And “Vankina” isn’t the only song on the single that doesn’t appear on this album. Any particular reason for that?
TILO WOLFF: You see, the song ‘Nichts bewegt sich’ is a real personal one. It describes the general feelings I had when I wrote the album “Fassade”. The single is mostly bought by our hardcore fans and I only wanted to share this very personal song with them. On the other hand, I wanted to show these people the emotions I’ve felt when writing the album, so that they were already one step closer to the actual album.
They had to wait a long time for this album to be released. Can the single be seen as something for the fans to ‘keep them quiet’?
TILO WOLFF: Well, not to keep them quiet, but to show them part of the next album “Fassade”. When you hear it for the first time, it may be kind of hard to enjoy at first. And I wanted to show them in what kind of emotion I was stuck in so that they can understand the album better.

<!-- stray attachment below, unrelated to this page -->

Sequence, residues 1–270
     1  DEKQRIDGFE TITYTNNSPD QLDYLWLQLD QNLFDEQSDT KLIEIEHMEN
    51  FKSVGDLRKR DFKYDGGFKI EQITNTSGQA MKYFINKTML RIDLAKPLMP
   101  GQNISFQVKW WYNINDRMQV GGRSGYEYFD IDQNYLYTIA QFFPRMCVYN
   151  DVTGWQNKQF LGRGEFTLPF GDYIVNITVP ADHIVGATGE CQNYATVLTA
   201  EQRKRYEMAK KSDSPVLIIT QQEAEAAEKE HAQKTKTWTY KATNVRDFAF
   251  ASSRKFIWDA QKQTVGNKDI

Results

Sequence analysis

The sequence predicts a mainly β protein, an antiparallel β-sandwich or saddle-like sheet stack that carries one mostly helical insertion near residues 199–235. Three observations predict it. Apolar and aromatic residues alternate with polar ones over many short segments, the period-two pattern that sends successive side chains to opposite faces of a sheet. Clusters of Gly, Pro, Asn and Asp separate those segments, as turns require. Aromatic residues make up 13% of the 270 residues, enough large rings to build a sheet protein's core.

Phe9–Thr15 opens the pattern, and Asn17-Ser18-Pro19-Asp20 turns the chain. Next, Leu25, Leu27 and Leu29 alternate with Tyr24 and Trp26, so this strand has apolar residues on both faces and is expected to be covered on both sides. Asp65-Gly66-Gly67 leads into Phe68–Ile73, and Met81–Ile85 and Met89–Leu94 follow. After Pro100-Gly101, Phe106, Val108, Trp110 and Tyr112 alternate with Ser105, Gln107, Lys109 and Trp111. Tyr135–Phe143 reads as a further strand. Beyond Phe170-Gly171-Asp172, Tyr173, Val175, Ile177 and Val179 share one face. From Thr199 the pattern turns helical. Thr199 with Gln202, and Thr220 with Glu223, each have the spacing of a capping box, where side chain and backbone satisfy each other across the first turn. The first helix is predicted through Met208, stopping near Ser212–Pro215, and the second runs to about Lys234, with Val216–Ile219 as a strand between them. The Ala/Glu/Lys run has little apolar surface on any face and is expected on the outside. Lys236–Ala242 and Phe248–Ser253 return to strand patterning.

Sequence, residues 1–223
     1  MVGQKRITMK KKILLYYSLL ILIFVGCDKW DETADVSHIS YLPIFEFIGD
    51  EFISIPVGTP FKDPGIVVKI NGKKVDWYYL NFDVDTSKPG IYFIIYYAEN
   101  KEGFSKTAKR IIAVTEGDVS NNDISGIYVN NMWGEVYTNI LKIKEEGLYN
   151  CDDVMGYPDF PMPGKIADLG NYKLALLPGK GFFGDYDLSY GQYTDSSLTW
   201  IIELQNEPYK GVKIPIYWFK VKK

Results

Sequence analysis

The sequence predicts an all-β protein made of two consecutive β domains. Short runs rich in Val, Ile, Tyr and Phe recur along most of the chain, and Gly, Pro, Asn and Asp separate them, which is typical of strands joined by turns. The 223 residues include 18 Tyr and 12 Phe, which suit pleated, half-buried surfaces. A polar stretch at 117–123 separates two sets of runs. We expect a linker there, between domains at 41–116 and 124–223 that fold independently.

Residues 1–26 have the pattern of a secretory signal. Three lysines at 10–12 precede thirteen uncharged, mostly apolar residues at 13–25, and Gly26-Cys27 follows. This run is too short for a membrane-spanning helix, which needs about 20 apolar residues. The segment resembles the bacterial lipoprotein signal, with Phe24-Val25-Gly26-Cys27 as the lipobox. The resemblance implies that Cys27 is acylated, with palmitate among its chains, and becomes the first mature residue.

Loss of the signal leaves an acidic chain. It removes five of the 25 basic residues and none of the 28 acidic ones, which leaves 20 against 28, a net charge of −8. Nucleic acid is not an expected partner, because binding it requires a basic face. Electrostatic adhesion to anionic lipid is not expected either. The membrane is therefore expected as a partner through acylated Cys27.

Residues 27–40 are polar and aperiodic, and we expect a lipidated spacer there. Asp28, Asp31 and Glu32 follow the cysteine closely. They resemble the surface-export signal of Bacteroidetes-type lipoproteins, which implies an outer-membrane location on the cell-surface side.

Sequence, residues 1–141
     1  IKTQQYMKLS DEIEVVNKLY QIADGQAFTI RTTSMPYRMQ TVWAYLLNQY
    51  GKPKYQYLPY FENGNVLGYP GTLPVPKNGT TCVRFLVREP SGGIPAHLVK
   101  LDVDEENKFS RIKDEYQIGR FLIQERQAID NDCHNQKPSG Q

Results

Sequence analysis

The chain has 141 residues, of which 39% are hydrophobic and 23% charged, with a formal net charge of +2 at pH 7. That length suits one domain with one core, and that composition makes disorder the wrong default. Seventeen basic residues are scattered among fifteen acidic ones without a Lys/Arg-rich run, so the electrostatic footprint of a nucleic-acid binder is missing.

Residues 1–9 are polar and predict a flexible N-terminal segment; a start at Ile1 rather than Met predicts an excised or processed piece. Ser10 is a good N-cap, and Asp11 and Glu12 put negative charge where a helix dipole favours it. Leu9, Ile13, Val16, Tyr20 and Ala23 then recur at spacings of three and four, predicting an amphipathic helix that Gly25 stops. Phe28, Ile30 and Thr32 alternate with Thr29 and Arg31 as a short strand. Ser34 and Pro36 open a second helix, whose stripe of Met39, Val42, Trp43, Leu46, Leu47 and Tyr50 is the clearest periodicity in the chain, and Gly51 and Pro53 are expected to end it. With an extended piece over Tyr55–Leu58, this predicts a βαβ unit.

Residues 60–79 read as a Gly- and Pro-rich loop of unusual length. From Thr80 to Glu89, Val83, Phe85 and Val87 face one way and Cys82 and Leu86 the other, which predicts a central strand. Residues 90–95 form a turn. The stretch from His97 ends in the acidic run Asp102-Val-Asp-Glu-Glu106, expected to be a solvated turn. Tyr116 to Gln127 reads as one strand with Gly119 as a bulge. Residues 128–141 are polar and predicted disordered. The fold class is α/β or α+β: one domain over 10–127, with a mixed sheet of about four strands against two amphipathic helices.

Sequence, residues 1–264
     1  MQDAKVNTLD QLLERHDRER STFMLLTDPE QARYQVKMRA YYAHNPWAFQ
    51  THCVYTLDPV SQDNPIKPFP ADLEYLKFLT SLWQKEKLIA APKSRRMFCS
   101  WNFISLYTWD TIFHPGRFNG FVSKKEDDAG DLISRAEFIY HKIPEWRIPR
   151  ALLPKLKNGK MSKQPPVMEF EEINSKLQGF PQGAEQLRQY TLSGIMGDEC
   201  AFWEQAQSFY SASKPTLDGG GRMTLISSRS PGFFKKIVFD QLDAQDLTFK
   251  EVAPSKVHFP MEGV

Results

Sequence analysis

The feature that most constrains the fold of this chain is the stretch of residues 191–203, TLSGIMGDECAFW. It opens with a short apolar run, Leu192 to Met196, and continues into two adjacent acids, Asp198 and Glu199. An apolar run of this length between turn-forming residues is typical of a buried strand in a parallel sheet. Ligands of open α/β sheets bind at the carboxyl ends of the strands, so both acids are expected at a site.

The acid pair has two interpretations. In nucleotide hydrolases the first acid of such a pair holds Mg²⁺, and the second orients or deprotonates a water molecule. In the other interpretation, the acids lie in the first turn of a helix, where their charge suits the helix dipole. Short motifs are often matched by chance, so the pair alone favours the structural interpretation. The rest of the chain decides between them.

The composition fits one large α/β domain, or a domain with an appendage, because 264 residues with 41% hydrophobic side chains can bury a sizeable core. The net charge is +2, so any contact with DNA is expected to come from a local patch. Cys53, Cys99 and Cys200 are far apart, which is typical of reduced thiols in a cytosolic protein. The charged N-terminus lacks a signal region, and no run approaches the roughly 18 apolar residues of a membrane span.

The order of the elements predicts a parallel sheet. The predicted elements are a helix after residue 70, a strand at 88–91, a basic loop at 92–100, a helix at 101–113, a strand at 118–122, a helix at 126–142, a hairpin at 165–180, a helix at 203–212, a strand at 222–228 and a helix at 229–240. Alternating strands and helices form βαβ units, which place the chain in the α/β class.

About ‘Der Morgen danach’. Does it deal with the subject of a stalking fan perhaps?
TILO WOLFF: It’s actually the continuation of the last song on “Elodia” the previous album. It was entitled ‘Am ende stehen wir zwei’, which means ‘At the end there’s the both of us’. In it, I describe the hope to finally meet again and to come together in a better world. And ‘Der Morgen danach’ represents the feeling of trying to get contact again, to make the hope I sang about before possible. The song means a lot to me even though a lot of people tell me they like the album and like the song, but never would have chosen it to be released as a single. For me it means a lot and especially the second version which is not on the album, but just on the single. This song is like the bridge between the previous album and “Fassade” and that’s music wise interesting for me. It’s the first song I wrote that rimes. It’s so pure of emotions and feelings that remind of older songs like ‘Deine Nähe’ from the “Stille” album.